Momentum investing is very similar to value investing or investing in quality companies. It’s a strategy like any other, the only difference being in the way stocks are picked. In a strong bull market, value investors find it tough to find companies to invest into, but even in the strongest of bull markets, there are generally section of markets that appear fairly or cheaply valued.

During the last year or so, much of the market was in the grip of a strong bull market and yet, if you were a value investor, you could have found pockets of value in areas such as Information Technology and Pharma.

Markets are currently weak, but that doesn’t mean lack of stocks with positive momentum. The list of stocks with positive momentum has seen a decline in recent months, but even after applying filters to eliminate stocks that don’t have enough liquidity, I can still find 70+ stocks available to invest into.

Friends who run advisories based on quantitative momentum offer dynamic asset allocation based momentum strategies which goes into cash when the market is weak and boosts up the portfolio holdings when momentum is back.

Similar to the asset allocation difference, tactical asset allocation mixed with momentum strategy, both styles come up with their own advantages and dis-advantage. The choice is left to the discretion of the investor based on what one is comfortable with.

My own choice has been to keep asset allocation outside of the system similar to how money management in trading systems is kept outside of the trading algorithm. This for me ensures that I can use strategies such as value averaging to add more money to my portfolio whenever such opportunities arise while at the same time ensuing that I always know where I am in relation to the overall asset allocation.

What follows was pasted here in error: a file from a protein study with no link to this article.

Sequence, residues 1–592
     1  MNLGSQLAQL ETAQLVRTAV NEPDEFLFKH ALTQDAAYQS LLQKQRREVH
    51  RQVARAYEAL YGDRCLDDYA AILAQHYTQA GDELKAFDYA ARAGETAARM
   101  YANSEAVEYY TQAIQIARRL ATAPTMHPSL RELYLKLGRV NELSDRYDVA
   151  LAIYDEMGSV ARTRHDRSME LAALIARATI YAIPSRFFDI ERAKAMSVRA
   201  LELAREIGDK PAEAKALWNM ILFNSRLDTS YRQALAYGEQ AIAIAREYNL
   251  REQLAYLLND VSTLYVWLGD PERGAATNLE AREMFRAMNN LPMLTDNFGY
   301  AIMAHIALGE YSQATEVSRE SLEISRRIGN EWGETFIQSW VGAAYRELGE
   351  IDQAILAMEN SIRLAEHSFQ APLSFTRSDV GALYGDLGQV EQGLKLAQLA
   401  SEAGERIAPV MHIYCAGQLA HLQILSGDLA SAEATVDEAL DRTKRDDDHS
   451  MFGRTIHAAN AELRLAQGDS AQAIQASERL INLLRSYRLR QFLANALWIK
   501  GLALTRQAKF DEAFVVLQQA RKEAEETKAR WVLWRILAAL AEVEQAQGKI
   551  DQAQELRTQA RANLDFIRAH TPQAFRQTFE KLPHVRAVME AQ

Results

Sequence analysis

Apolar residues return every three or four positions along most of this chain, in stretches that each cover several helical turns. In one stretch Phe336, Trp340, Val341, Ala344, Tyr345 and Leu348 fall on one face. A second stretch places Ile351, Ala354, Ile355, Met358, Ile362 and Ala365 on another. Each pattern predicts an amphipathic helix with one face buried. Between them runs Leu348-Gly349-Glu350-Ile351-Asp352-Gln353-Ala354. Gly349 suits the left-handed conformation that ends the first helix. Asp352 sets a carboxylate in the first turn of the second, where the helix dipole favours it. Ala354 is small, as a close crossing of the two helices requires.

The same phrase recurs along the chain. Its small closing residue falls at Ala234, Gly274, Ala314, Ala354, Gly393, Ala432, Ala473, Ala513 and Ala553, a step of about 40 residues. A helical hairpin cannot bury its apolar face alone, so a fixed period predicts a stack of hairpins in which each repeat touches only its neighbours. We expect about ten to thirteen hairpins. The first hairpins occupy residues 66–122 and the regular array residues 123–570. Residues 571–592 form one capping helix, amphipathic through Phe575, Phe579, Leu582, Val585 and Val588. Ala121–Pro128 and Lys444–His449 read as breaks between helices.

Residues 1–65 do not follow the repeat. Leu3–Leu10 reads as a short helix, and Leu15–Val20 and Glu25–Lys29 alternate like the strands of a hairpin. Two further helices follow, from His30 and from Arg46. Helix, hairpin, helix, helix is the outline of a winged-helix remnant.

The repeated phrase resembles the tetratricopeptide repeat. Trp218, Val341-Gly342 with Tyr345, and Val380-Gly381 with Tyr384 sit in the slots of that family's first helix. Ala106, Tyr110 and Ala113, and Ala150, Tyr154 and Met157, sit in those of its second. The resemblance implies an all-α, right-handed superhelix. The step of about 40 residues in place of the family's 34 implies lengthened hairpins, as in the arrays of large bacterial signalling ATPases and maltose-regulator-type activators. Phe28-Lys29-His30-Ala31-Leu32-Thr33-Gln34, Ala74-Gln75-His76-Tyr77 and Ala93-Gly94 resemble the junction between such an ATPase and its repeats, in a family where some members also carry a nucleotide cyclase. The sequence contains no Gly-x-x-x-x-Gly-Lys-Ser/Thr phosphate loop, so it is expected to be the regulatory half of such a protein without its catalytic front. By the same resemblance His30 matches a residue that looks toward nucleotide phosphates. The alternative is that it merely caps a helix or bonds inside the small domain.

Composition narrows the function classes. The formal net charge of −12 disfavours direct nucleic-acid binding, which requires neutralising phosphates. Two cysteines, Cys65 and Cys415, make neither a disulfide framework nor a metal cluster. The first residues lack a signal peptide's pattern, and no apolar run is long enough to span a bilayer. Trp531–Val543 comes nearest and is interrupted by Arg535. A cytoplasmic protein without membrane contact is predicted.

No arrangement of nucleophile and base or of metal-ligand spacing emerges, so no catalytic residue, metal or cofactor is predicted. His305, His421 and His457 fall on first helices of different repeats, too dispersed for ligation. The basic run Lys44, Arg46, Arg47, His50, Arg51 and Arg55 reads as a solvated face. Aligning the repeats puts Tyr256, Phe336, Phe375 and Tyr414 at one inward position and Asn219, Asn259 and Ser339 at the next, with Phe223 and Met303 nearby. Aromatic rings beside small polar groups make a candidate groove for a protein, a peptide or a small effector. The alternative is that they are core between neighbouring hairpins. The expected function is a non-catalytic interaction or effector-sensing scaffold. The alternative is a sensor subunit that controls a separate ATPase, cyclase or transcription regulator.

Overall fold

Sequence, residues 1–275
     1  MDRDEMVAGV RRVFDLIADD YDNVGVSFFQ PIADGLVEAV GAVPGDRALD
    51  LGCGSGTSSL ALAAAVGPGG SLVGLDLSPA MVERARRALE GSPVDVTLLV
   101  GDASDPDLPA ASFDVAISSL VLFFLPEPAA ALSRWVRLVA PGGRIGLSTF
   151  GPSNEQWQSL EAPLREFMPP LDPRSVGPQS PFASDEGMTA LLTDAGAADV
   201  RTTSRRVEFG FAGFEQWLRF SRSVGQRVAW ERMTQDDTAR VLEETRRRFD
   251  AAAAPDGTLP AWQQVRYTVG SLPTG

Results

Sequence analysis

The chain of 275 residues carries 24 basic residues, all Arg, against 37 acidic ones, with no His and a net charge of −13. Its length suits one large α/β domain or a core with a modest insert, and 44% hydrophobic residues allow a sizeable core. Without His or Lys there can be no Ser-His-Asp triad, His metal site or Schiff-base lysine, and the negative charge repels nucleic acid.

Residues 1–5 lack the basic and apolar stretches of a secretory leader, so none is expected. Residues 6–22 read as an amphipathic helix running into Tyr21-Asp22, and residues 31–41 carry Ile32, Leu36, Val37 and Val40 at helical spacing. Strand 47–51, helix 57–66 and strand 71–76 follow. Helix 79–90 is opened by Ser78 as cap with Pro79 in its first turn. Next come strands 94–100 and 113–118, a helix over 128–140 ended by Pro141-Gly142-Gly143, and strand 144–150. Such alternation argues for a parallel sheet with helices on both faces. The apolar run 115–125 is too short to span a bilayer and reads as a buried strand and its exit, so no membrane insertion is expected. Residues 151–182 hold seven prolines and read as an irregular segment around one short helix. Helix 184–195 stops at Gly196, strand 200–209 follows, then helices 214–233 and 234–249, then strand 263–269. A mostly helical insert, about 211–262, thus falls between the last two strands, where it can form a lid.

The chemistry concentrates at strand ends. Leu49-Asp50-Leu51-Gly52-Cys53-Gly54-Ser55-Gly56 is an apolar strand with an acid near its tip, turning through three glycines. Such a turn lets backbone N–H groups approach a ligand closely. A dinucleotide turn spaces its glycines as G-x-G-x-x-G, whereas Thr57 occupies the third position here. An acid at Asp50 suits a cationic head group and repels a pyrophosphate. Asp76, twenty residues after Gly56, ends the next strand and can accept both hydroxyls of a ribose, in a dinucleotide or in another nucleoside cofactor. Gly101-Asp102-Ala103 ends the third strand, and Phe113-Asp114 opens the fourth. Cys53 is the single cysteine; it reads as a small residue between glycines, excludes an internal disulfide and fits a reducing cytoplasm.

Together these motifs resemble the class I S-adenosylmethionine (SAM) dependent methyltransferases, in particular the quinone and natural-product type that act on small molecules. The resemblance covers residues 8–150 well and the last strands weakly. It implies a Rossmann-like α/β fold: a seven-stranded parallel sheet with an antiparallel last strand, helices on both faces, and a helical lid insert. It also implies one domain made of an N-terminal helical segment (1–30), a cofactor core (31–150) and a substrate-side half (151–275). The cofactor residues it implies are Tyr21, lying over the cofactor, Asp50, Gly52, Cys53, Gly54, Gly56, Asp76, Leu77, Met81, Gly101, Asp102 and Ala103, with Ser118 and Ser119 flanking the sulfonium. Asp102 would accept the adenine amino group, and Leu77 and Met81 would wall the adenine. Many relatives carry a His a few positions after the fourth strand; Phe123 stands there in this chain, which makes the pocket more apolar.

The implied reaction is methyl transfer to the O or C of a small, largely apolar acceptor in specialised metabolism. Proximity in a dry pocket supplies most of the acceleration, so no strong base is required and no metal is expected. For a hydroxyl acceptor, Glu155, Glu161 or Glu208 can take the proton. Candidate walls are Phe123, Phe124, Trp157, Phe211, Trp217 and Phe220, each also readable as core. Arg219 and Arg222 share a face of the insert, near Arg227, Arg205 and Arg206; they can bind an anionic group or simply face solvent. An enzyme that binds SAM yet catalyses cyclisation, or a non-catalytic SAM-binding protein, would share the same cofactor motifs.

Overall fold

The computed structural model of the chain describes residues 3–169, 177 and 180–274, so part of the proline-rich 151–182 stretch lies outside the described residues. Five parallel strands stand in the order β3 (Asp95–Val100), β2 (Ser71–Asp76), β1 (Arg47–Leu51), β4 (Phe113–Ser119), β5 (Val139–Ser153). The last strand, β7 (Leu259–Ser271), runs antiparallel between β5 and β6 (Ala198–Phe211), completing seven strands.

Market falls like now can be an opportunity if you were to believe that we are closer to the bottom or a threat if one perceives that the bottom is still far away.

One way to look at is to see the breadth of the market and compare it to historical numbers. For example, the percentage of stocks that are trading above 200 EMA is now below the 20% mark. Historically, this has been seen when markets were closer to the bottom than closer to the high though the exception to the rule would be 2008 when the percentage went below 20% in March. If you invested at that point in time, by the time a year was up, the market itself was down another 50%.

But ignore the 2008-09 drama and the reality differs. Only once in all the instances (25 of them) did markets close in negative even a year after the event (Feb 2011 Entry). The median return for buying when the percentage of stocks trading above 200 EMA went below 20 was a decent 23%.


Click image to enlarge

The market has deteriorated significantly in a very short span of time. Rather than a gradual time-based correction, this has turned to be a strong price-based correction.

Based on one’s risk appetite and liquidity position, I believe this is an opportunity to add. It’s not yet time to go overboard – for me that will be if Nifty tests the 9,000 levels (9,200 is the 200 Weekly EMA and if you look at history, other than in recessions and 2008, this has been the point of bounce.) Rather, ensure that fresh money is deployed to return the allocation which would have suffered due to the current fall back to equilibrium.

Secondly, 9,000 also means a 20%+ correction from peak. Given the destruction we have already seen in the market, further fall is tough to see at the current juncture.

It doesn’t matter if you are a value or momentum or quality investor, given the breadth of the fall, you should be able to find good opportunities. They may become even better opportunities, but in the face of the fact that we don’t really know the future, not betting anything isn’t the best solution, especially if you are comfortable with both the liquidity and the asset allocation.

It’s not enough to just read about the great investors and traders, when the time comes, it’s the ability to stay the course and take the risk that differentiates (subject to surviving though) the professional from the amateur.

Alpha doesn’t come free because you wish to invest when everyone is doing the same, alpha comes for being different and this is one such time.

Prashanth Krishna is the head of compliance at Wizemarket Analytics Private Limited.

You can follow him on Twitter